Sign your donor cards

logo for trillium Gift of Life Network, green ribbon with white flowerI found my donor card! If you’ve ever had a friend or relative waiting for the organ transplant that could save their life, I hope you think of them and make your organs available when you no longer need them. Keep the donor card with your driver’s licence.

If you can’t find your card, you can register through the Trillium Gift of Life Network (Réseau Trillium pour le don de vie). In the Resources section, you can find the donor form.

Healthcare note: In Canada, organ transplants are free.

I wonder if the publicity last year for a young mother waiting for a heart-lung transplant encouraged more people to register. Year to date,  current page.

Flu clinics open for general public in Toronto

The flu clinics have inoculated enough health-care workers and people in high-risk groups to open for the general public. I’ve posted the flu clinic schedule and flu information links in the sidebar. The weekend clinics are from 1 – 9 p.m. and the weekday clinics are from 10 a.m. to 4 p.m.

Swine-flu clinics for free inoculations in Toronto

Iditarod on TV

I’m watching a show on Discovery Channel about the running of the Iditarod sled-dog race. It’s one of the longest races, about 1800 km. It recalls a famous delivery of diptheria vaccine to Nome, Alaska, through a blizzard in the ear;y 1900s. There are racers (human and canine), fans, and volunteers. Most of the racers rest at one of the checkpoints; others push on to find a quiet place. It’s important for the dogs to rest. Some winners do 51% racing, 49% running. About four hours of rest seems to be enough. It’s very important for the dogs to eat: they can burn off 9,000 kilocalories a day.

Stupid court!

The U.S. Supreme court has reversed the decisions of 3 district courts and 3 circuit courts and declared Bush’s 2003 ban on “partial birth abortions” to be constitutional. There’s no such medical procedure. The Center for Reproductive Rights says:

April 18, 2007: In a stunning reversal, the Supreme Court rules against women’s health and in favor of abortion restrictions. In its ruling upholding the Federal Abortion Ban case, the U.S. Supreme Court effectively overturned 30 years of precedent and announced that women’s health is no longer a paramount concern. The Center for Reproductive Rights said the Court’s decision paves the way for state and federal legislatures to enact additional bans on abortions as early as 12 weeks, including those that doctors say are safe and medically necessary.

Book: The Woman with a Worm in Her Head by Pamela Nagami, M.D.

This is a book in the style of Oliver Sacks’ The Man Who Mistook His Wife for a Hat.

I found it quite interesting and a little scary: it’s a reminder of the dangers that lurk in daily life. The doctor mentions being inspired at one point by reading Animals Without Backbones by Ralph Buschbaum, which is the original edition of my current science read, Living Invertebrates, AKA “The Big Book o’ Invertebrates.”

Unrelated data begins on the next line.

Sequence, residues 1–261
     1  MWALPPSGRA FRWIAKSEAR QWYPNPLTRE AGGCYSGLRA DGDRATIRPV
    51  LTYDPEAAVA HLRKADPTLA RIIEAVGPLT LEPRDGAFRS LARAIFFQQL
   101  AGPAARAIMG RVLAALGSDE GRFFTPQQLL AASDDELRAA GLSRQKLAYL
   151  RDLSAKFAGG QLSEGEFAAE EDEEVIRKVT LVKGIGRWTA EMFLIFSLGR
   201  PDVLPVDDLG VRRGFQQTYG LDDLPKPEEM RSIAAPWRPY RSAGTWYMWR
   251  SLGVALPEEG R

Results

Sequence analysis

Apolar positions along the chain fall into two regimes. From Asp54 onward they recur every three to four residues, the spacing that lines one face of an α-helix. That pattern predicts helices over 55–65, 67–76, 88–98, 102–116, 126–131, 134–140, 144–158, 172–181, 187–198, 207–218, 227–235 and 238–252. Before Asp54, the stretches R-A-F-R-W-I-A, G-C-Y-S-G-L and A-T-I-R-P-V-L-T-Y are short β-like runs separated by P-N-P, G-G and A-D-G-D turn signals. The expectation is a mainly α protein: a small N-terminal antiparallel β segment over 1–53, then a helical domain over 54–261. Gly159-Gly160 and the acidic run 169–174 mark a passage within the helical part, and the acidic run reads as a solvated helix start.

The sections of this book are

  • Foreword by F. Gonzalez-Crussi, Emeritus Professor of Pathology
  • Introduction – about the author’s medical training
  • “Worm Hunt” – The man with a worm in his flesh. A man who visited Vietnam is struck by a strange illness, and the doctor must use her detective skills to discover the cause.
  • “Wounded Heart” – The doctor deals with heart disease caused by bacterial infection – remember rheumatic fever?
  • “Valley Fever” – A dust-borne fungus in California causes a local disease that can be a transient fever or a debilitating illness.
  • “AIDS” – The AIDS crisis arises in a few mysterious infections; builds in susceptible young men, drug users, transfusion recipients, and others; and finally is slowed by the first effective treatments.
  • “Maneater” – Flesh-eating Strep bacteria can attack anyone through an opening in the skin as small as a paper cut.
  • “A Fever from Africa” – Tropical diseases, including malaria, take huge medical resources to fight.
  • “Manju” – Some of the worst ills are slow brain diseases, apparently caused by imperfect virus particles or even twisted proteins.
  • “The Woman With a Worm in Her Head” – Cysticerosis caused by the pork tapeworm from undercooked pork (“The Other White Meat”) or other foods
  • “Septic Shock” – Staph infections can manifest in many ways from the deadly septic shock (including “childbed fever”) to scarlet fever and more.
  • “A Case of Chickenpox” – Chickenpox in unvaccinated adults can kill, so it’s important to check immunity and be aware of the symptoms.
  • “Call Me Spot” – Meningitis can cause purple spots under the skin. This is another case of bacteria that are ususally harmless getting into the wrong place or becoming virulent.
  • Conclusion – a continuing battle against infectious disease
  • Glossary
  • Selected Bibliography
  • Index

See also “Currently Reading: The Woman With a Worm in Her Head.

Currently reading: "The Woman with a Worm in Her Head and Other True Stories of Infectious Disease" by Pamela Nagami

This is my current non-fiction book (other than the Big Book o’ Invertebrates, which is at home). It was published in the U.S. in as “Maneater” but the text is the same. Dr. Nagami is a doctor at the University of California. She has dealt with all manner of mysterious and troublesome diseases from parasitic infections to Strep A and Valley Fever. She has a chapter on the first cases of AIDS and the subsequent AIDS crisis.

You can read a review here.